Years of UN-led efforts to stop a massive oil spill off Yemen’s Red Sea coast have yielded major gains.
Instead the ship Nautica arrived in the Yemeni port of Hodeidah on Saturday evening from Djibouti, transferring more than 1.1 million barrels of oil from the decomposing FSO Safer supertanker.
A first-of-its-kind operation is a risky one – but the spill of residual oil from a crumbling tanker bought by the Yemeni government in the 1980s is even more so.
Observers have worried for years that the FSO safe could crack or explode; A subsequent oil spill would have the potential to wipe out the world’s largest marine ecosystem.
Here’s what you need to know about the operation to contain “one of the worst oil spills in history,” according to the UN.
How long has the tanker been stuck and why?
The 47-year-old supertanker was abandoned eight years ago when civil war broke out in Yemen.
The FSO Safer is anchored near the Ras Issa oil terminal, which is controlled by Yemen’s Houthi movement, which seized large parts of the country in 2015.
Why an oil exchange?
Mohammed Mudawi of the United Nations Development Program (UNDP) in Yemen said the tanker had not been properly maintained since it was abandoned and was located in a mine-strewn area. .
“We have many concerns that it will explode because of the gases,” Mudawi told Al Jazeera.
A supertanker may also collapse because lack of maintenance has weakened its structural integrity.
What damage can an oil spill cause?
According to the UN, a large spill could destroy coral reefs, mangroves and other marine life; exposing millions of people to highly polluted air; destroy fishing communities; force the closing of nearby ports; and disrupting shipping through the Suez Canal.
“A major spill from the ship would cause an environmental and humanitarian disaster,” the UN’s Yemen team said in a statement.
The cost of the cleanup alone is $20 billion.
“A spill would be a disaster. It will spread across the Red Sea, into the Gulf of Aden, disrupt navigation through the Suez Canal and wipe out the world’s richest marine ecosystem,” Al Jazeera’s Hashim Ahelbara said, reporting from Hodeidah.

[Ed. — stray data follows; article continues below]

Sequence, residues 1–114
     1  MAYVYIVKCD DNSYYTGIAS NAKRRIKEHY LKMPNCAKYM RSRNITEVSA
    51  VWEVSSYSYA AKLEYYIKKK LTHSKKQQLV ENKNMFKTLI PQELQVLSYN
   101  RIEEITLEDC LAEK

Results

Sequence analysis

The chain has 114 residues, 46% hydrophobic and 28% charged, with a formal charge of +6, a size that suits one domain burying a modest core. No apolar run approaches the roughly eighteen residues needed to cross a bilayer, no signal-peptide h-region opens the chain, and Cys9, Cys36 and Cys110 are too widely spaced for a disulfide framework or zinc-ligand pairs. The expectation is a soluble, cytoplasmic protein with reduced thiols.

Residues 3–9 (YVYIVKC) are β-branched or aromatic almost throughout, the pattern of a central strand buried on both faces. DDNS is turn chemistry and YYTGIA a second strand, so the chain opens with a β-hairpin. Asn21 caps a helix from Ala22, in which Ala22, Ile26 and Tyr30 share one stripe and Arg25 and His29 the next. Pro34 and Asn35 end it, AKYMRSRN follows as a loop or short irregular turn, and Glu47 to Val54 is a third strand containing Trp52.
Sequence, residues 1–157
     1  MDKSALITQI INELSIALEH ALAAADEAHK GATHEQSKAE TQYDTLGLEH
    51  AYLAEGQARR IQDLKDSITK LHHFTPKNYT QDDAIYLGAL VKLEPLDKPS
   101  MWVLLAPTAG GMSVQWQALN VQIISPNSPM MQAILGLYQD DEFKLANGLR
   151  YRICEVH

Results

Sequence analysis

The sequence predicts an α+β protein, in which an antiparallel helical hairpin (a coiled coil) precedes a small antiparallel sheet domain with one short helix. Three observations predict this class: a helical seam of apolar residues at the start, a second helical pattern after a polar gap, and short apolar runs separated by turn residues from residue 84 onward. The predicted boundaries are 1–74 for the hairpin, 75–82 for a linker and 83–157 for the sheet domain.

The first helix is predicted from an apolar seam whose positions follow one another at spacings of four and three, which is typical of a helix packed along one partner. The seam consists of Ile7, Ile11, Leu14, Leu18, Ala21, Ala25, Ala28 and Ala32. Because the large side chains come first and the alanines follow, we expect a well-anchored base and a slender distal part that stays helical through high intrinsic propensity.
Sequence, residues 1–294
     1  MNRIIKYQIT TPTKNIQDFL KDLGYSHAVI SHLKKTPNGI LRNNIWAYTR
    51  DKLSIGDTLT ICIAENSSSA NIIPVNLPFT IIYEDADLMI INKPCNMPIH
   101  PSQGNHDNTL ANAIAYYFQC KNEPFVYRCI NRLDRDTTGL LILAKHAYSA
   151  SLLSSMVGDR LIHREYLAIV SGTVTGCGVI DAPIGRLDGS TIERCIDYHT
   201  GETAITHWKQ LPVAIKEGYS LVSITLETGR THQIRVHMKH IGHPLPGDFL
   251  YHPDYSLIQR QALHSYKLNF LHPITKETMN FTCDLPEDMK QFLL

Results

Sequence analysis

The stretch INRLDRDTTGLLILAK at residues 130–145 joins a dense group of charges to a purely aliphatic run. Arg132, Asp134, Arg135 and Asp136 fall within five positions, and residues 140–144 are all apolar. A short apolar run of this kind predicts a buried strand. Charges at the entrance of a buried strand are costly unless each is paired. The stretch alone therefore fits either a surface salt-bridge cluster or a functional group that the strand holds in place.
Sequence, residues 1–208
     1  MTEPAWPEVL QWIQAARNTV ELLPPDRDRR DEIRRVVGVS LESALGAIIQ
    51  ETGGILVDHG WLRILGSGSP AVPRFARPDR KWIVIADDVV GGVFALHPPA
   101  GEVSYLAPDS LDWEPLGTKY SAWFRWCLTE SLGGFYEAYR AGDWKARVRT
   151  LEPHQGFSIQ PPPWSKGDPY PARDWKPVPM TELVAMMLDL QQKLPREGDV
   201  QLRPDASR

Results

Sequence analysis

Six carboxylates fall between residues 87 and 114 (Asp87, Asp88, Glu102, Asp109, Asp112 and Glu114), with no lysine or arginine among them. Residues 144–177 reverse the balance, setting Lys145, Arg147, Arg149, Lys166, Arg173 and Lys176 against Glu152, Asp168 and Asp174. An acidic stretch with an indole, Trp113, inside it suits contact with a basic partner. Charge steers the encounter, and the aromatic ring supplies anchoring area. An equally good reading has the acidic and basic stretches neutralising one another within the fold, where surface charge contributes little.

Because the FSO Safer carries four times the volume of oil, the potential for a massive oil spill is greater, potentially having a greater impact than the 1989 Exxon Valdez disaster, one of the largest oil spills in history. U.N.
How will the oil transfer take place?
Oil from the supertanker will be pumped into the replacement ship Nautica, which will be transferred from ship to ship, according to the UN.
Once the oil is off-loaded, delivery and installment of a Catenary Anchor Leg Mooring (CALM) buoy will take place, the UN said.
The buoy will then be secured to the beach and used to secure the replacement vessel, a process that should be completed by September, the international body added.
A technical support vessel from Dutch-based company Boskalis/SMITis will be on standby in case of any oil spillage during the operation.
What happens to the oil once it is transferred?
The internationally recognized Houthis, backed by a Saudi-led coalition, and Yemen’s government are at loggerheads over who owns the ship and has the right to sell the oil if it is unloaded.
As a result, the rescue operation cannot be paid for by selling the oil because it is not clear who owns it, the UN said.
The operation is estimated at $148 million, and the UN has so far raised $118 million.
Saeed Al Wushali from the FSO Safer Committee expects Yemen’s oil exports to continue following this operation.
“Oil is a wealth for all of Yemen,” he told Al Jazeera.